The final stop was at the La Recoleta Cemetery. This is a sizable, Italian-style necropolis in which many major figures from Argentina's past are interred in elaborate mausolea. The most famous of these nowadays is Eva (Evita) Peron. She became, even post mortem, a political embarrassment to the regime of the day, and her remains eventually came to rest in Italy in a secret location. Juan Peron was exiled to Spain, but returned to Argentina where he died in 1974.
After his death his third wife arranged the return to Buenos Aires of Evita's remains and these were interred with Juan's, deep in the Duarte family mausoleum in La Recoleta. German guided us to this tomb, which we would never have found otherwise in the maze of narrow pathways. It might be the Duarte family tomb, but the bronze plates outside seem to be mainly about Evita.
As we left the cemetery we could opt either to go back to our hotel on the coach of make our own way back. Given that there was a craft market in the park nearby there was only one course for Gill – we opted to walk! A gentle walk 'homewards' along tidy, treelined streets brought us to a bakery near to our hotel where we bought a quiche to share in our room to keep us going until tonight.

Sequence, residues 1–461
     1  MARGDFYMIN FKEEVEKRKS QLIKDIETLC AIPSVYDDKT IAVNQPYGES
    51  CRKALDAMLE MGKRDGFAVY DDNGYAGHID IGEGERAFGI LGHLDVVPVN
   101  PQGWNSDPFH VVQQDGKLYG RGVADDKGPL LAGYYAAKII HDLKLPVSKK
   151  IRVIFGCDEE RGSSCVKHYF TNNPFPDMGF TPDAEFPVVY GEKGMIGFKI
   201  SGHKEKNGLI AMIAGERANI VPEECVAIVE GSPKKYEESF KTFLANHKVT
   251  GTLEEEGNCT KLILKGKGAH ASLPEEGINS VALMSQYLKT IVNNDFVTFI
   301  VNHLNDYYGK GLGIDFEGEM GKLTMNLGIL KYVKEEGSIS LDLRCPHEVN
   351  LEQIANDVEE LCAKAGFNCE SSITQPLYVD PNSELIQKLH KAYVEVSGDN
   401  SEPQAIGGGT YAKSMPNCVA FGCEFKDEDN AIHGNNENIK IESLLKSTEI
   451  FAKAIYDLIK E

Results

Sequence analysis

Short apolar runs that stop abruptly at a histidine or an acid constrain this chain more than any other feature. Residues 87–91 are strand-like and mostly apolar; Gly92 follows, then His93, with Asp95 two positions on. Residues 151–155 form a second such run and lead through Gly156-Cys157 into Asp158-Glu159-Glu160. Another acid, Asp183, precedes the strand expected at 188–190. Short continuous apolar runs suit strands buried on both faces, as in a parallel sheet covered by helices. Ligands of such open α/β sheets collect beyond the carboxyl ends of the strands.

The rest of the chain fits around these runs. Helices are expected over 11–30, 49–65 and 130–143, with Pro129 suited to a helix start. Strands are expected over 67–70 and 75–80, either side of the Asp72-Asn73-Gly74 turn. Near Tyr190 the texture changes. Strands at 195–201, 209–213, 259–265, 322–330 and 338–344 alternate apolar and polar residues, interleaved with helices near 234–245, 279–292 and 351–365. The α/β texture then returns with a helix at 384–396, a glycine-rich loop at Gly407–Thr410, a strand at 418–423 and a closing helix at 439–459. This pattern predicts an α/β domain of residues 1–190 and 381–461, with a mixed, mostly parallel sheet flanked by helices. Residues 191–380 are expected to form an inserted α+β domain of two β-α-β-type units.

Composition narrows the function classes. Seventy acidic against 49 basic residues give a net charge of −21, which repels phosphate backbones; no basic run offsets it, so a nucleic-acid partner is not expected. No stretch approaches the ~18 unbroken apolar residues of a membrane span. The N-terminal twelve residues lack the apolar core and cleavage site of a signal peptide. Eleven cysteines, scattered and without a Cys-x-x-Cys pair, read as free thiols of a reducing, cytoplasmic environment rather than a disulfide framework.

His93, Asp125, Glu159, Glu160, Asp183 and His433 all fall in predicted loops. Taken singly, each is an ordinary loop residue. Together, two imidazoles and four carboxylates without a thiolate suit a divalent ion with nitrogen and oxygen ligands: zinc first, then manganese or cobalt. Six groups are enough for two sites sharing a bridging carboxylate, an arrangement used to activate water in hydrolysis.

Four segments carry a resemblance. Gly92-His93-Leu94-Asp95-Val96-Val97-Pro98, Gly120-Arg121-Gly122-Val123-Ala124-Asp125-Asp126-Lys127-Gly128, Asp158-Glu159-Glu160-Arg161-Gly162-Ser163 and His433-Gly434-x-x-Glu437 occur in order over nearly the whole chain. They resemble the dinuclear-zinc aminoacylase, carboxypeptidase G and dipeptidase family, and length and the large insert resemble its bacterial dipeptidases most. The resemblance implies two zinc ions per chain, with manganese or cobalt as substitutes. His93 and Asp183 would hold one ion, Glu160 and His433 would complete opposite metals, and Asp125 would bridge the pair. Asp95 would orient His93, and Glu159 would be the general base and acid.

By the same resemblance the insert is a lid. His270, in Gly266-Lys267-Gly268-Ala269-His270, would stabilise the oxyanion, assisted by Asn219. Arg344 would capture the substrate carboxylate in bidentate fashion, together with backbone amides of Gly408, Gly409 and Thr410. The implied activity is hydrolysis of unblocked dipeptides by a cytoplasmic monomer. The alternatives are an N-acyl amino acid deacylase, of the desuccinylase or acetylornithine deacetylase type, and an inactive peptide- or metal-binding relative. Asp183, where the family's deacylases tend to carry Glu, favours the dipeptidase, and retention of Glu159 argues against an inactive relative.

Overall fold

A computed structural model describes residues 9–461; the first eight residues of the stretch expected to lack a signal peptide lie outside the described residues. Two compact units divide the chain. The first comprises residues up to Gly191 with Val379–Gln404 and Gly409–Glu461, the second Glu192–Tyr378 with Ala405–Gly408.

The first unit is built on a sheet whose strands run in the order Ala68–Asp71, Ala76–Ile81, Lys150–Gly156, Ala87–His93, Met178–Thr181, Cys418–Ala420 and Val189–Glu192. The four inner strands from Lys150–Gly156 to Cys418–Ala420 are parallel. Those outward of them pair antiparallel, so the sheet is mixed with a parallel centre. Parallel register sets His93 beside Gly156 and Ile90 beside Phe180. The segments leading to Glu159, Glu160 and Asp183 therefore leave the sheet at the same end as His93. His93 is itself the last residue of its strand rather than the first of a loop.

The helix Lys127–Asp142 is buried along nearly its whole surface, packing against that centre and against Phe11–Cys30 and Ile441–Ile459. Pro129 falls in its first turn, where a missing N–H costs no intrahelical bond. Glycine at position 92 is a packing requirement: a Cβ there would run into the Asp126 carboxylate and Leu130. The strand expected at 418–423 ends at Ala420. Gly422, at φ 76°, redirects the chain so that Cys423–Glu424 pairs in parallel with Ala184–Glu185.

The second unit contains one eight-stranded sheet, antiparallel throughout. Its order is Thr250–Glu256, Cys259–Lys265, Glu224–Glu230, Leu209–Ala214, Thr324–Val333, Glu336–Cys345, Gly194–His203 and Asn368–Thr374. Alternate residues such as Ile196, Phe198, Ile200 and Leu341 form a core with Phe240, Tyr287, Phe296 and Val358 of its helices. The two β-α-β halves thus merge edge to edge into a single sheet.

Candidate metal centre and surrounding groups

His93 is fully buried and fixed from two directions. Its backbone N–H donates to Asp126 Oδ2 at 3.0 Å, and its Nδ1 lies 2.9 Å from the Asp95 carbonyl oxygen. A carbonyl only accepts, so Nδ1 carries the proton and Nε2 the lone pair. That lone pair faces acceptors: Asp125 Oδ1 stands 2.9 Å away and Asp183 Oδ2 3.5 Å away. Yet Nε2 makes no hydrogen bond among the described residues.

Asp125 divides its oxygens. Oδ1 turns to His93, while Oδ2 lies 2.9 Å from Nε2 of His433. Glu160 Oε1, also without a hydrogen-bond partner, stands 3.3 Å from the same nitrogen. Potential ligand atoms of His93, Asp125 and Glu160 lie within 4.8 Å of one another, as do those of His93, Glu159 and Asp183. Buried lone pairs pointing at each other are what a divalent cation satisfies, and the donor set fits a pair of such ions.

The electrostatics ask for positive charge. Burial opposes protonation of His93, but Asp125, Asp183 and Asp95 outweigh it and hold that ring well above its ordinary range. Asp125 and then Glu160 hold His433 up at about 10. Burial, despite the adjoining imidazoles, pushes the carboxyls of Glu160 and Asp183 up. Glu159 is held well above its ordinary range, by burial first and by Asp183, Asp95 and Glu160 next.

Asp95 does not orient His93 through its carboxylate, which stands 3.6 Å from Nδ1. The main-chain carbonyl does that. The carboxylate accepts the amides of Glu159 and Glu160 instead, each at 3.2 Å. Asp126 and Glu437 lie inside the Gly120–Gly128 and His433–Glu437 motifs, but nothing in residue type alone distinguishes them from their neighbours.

At 8pm a coach picked us up for the short journey to the Café de los Angelitos for the final event of this adventure – dinner followed by a Tango show. The meal was quite good, given that it was served at speed so that it was over before the show started, and was made better still by us not having to pay for the wine that kept arriving.
The show started at about 10.20pm and went on for 80 minutes, leaving us to wonder how the dancers had the energy. We were all sat at refectory tables set at right angles to the stage, and Gill and I were right at the front. The stage was surprisingly compact, given that, at times, there were ten dancers throwing themselves around on it and high kicking. The band was at a much higher level at the back of the stage, out of the way of the performers and was a standard Tango format, i.e. piano, guitar, bandoneon (accordion) bass and violin, and supported the dancers superbly. We had a wonderful time.
It was after midnight when we got back to the hotel. Since our group of 31 people starts to break up tomorrow, with half of us returning to Heathrow, there was talk of a farewell drink in the bar, but we politely declined.
So, that's pretty much the end of our South American Adventure. Tomorrow, we leave the hotel at 10am and transfer to the international airport ready for our 2pm flight back to Heathrow. The prospect of a 12+ hours flight isn't very appealing, so we're hoping for a better selection of films with BA than we got with Iberia! We're braced for cold weather in London, but then again we've experienced Cape Horn! And we're also hoping that the cats will forgive us for another long absence!